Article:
I'm one day away from leaving for my last interim stops, before heading to the sandbox. So the stress level is peaking and the frustration is high. The big issues are, "Did I take care of all the things I needed to do?" and "Is my family going to be okay?"....Very similar to, "Did I turn off the iron?" and "Did I just rip the ass out of my pants?". You guys understand.

So, I'll be headed to Ft Jackson, SC for a little "Arrrrmmmmyyyy Training, Sir!" From what I'm told, it's synonymous with Boot Camp for Dummies. Hence the photo above....I know, I know...that's a Marine Drill Instructor and I'm going to work with the Army. Being a former Marine and such makes old habits die hard. I figure in the picture above, the drill instructor is telling that recruit, "Wow, green really looks nice with your eyes" or some other very constructive compliment.

Over the next few weeks my posts may be lacking with all the travel involved. I'll keep the posts coming as much as possible and once I'm settled, expect more pics and info.

Wednesday, January 17, 2007

This is the TAO speaking...Brace for impact...HUNTERS DISESTABLISHING!!

The squadron that I am leaving to work in Iraq is VFA-201..The "HUNTERS". The Hunters are based at NAS Fort Worth JRB, TX. They are a Navy Reserve Squadron with a few active duty members (Me being one). The squadron's primary role is Adversary support for the fleet and fleet training. VFA-201 has had one hell of a history...from operating the F-4 Phantom, F-14 Tomcat and now, the F/A-18 Hornet. They are by far the best squadron in the Navy Reserve Force, if not the entire Navy. In fact in 2003, the squadron became the first reserve squadron to be mobilized and deploy since The Korean War. That is no small feat. They were instrumental in the initial attacks in Iraq at the start of the war. They quickly became the Airwing's "go-to-guys". The accolades from Washington on down were overflowing. Well, just last year, the squadron was informed that it was being disestablished....WTF!!! Go ahead, ask me why. The answer: I have no clue...I'm not sure anyone really does. The "higher ups" made a decision and we received our marching orders. The squadron will cease to exist on paper and inventory by this summer. Unbelievable really!

Well, the inevitable is at hand. How are we gonna react to this?? A giant Friggin party...that's how!! This spring the VFA-201 Hunters will host a Disestablishment Party/Ceremony/take over the Navy fling. That last part is just wishful thinking.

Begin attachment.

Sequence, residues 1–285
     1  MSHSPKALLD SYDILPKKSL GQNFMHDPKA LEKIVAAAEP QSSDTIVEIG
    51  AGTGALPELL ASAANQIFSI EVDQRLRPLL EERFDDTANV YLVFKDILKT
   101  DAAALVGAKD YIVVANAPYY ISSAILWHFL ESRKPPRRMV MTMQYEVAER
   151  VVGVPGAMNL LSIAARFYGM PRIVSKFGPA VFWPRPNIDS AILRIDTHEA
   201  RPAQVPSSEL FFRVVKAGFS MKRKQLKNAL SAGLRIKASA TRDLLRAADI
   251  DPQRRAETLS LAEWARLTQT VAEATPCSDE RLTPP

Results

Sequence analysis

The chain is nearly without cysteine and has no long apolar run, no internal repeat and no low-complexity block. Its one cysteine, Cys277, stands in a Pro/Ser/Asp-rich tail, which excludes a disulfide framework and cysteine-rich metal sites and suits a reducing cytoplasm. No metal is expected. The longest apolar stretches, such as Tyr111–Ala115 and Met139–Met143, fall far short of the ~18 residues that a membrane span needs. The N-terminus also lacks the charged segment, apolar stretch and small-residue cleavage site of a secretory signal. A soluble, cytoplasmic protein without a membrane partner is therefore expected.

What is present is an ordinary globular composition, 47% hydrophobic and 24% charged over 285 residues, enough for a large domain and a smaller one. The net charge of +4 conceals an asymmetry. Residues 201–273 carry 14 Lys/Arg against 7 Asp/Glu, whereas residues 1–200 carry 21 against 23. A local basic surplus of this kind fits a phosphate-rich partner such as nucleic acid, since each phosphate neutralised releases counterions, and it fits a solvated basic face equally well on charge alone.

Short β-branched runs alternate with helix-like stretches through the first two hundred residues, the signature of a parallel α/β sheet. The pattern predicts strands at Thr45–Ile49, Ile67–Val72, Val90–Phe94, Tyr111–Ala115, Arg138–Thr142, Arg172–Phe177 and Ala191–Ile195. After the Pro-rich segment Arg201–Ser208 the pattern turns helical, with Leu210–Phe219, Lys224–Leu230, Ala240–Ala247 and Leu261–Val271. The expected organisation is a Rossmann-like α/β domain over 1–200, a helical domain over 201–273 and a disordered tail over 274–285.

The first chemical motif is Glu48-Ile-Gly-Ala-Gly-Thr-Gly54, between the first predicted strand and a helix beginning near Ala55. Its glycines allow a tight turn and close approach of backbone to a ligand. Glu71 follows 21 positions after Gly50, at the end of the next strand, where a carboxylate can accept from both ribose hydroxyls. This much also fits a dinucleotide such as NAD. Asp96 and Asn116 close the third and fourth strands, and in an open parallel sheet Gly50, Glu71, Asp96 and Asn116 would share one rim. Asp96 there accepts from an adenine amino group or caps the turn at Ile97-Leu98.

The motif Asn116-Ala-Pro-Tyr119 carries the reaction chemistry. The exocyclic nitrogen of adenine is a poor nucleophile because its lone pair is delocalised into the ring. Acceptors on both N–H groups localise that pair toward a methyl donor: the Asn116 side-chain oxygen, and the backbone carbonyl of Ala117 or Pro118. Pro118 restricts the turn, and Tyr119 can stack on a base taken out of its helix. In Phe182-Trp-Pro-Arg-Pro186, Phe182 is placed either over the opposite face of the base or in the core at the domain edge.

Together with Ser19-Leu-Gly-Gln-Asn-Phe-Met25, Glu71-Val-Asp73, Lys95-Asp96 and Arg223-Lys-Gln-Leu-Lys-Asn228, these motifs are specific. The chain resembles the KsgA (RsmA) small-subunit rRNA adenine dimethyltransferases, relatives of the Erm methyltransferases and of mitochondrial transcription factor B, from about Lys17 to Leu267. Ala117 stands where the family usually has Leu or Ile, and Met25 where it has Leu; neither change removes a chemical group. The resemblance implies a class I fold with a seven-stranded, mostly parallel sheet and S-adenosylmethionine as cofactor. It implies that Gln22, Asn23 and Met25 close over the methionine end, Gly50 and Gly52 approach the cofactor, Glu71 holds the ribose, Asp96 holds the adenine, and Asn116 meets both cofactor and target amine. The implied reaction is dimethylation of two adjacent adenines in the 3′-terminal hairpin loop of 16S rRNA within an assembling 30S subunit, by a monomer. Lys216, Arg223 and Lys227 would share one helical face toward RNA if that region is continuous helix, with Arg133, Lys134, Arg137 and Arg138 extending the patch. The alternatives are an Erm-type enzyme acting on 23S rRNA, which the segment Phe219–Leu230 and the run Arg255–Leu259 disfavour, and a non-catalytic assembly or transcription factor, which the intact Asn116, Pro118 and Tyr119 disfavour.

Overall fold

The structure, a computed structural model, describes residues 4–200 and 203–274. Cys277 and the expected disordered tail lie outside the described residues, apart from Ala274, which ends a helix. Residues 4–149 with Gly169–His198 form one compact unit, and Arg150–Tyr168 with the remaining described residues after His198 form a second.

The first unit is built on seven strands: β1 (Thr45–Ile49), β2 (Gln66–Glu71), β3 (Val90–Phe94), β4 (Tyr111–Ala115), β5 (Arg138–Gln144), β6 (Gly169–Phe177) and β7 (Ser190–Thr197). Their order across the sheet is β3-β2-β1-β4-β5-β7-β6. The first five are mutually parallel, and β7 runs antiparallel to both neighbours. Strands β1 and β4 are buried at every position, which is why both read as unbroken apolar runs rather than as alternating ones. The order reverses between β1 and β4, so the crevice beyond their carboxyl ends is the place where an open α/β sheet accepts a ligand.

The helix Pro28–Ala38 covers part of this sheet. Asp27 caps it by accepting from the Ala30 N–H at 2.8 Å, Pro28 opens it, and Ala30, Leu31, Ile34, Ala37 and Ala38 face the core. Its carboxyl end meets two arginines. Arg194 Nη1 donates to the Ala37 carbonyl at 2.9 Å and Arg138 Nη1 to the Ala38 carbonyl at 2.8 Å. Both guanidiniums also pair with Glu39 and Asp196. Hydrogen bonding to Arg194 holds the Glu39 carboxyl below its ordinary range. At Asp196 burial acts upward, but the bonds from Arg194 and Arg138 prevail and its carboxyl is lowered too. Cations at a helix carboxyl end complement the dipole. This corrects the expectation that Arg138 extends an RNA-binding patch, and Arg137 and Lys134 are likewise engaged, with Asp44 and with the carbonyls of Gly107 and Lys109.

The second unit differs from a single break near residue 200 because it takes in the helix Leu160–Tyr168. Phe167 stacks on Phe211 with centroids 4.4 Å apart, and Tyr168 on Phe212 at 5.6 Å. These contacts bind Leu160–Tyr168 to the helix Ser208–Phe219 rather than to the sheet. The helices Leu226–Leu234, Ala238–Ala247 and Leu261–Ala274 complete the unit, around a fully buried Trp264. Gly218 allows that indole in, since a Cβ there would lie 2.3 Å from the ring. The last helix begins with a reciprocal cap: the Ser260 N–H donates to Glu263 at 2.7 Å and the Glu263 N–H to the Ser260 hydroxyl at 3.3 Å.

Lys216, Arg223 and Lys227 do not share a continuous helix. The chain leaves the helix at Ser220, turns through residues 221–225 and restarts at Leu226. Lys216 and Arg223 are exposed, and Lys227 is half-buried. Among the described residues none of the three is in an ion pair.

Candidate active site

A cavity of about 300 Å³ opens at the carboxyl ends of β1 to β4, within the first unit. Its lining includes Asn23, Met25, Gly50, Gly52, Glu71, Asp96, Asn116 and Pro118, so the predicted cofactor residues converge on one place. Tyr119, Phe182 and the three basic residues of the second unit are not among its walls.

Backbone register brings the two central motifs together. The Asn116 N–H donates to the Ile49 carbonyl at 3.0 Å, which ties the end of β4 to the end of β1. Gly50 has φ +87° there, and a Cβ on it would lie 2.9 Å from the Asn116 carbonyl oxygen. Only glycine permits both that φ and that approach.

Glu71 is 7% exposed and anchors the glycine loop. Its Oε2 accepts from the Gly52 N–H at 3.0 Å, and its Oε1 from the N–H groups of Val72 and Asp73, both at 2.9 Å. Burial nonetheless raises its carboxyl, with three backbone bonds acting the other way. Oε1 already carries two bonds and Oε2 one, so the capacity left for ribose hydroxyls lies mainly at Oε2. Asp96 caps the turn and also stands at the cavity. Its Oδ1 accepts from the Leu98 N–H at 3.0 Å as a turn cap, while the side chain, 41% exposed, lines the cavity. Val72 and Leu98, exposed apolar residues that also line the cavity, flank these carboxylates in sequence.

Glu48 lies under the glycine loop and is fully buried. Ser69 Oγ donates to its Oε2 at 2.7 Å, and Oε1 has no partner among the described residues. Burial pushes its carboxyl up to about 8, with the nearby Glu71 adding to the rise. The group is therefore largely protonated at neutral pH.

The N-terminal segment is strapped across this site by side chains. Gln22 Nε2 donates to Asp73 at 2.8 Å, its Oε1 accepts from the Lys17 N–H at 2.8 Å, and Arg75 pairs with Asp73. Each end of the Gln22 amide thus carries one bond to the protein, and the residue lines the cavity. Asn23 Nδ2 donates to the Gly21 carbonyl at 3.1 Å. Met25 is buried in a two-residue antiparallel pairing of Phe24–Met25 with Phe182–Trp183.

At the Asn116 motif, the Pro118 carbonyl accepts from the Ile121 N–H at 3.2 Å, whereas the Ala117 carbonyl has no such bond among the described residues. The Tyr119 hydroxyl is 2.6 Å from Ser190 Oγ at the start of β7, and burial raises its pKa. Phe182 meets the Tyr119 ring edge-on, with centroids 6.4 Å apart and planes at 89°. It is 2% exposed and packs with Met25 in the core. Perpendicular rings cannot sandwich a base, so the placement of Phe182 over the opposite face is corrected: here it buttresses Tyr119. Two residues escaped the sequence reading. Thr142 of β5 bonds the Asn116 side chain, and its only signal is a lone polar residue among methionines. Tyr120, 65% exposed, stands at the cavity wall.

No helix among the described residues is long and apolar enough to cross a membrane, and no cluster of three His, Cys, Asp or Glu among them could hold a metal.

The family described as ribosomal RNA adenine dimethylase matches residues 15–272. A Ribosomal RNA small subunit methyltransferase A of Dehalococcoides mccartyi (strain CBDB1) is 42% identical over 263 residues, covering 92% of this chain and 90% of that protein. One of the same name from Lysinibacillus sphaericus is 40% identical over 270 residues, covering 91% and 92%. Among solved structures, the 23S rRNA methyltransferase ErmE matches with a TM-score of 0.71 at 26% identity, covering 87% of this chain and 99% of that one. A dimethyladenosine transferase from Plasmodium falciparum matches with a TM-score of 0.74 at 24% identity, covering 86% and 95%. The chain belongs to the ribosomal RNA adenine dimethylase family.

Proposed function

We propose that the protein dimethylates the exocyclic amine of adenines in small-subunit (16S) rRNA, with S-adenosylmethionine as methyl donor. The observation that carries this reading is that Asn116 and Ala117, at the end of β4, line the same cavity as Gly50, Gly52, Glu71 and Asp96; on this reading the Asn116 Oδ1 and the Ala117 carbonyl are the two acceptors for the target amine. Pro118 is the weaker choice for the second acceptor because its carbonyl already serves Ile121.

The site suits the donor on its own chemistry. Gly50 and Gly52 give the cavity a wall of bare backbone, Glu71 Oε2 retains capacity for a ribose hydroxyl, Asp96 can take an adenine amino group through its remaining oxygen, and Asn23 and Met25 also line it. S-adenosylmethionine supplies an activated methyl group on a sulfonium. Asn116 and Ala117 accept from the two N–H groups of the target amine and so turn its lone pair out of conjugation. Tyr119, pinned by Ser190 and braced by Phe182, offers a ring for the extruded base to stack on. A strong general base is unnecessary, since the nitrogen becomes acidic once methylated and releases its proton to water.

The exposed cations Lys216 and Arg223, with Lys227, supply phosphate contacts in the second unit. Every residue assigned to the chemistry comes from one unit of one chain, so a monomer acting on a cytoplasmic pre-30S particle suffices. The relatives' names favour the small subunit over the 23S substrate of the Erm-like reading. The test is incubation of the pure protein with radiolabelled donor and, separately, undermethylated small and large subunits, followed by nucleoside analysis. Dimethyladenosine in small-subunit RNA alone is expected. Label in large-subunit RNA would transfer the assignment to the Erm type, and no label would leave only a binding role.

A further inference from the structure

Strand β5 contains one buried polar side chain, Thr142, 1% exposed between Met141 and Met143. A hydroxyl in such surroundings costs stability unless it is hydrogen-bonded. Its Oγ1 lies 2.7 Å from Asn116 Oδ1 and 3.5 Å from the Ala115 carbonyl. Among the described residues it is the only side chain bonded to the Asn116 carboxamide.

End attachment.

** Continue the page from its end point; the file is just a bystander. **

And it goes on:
The point to all this is that I plan on posting as much information about the ceremonies as possible. This includes an invitation to all former Hunters for the festivities. Once the information comes in and the situation is finalized, I will post contact info, dates, times and event schedules. Hopefully I will have some links as well to other pertinent info, such as hotels, gun shops, liquor know all the necessities.

For those of you whom this disestablishment upsets can contact your local congressman or senator about this issue. Since I'm an active duty military member, I can't make statements like the previous I let my 14 year old daughter write that one. Yeah!!! Right!!! What are they gonna do....send me to Iraq?!?!

Today was a good day...I didn't have to use my AK

Thanks Ice Cube for the song lyric...I knew I could work it into a blog post somehow. Oh yeah, the picture to the right is of myself and a Croatian pilot just before I had the opportunity to fly a MIG-21 back in 2002 with the Croatian Air Force. Spent two weeks there...what a great memory.

I've had a few days at home in North Texas prior to my next interim stop. It has been great being at home with my family prior to leaving. The best part about today is that it is snowing here...obviously with not much accumulation. But significant enough to make snowballs. In fact as I type away, I'm looking out my window and watching my kids play. And to top it off my wife is shoveling snow from in front of our front door. It's true...she's much more motivated than I am.

So, as the day that I leave draws closer...I hold today close. These are the memories that carry servicemen and women through their long deployments. It's the everyday life at home, good and bad, with family and friends that makes a year away seem much shorter. The only thing I've noticed about our family's emotional change, is that as I get closer to leaving my wife and I become more withdrawn from one another. Seems like a natural psychological effect between prepare for absence. No matter what, we both know how much we will miss one another. The kids are a whole other story. After 17 years of doing this has only gotten harder to leave them. Much harder. I already miss everyone.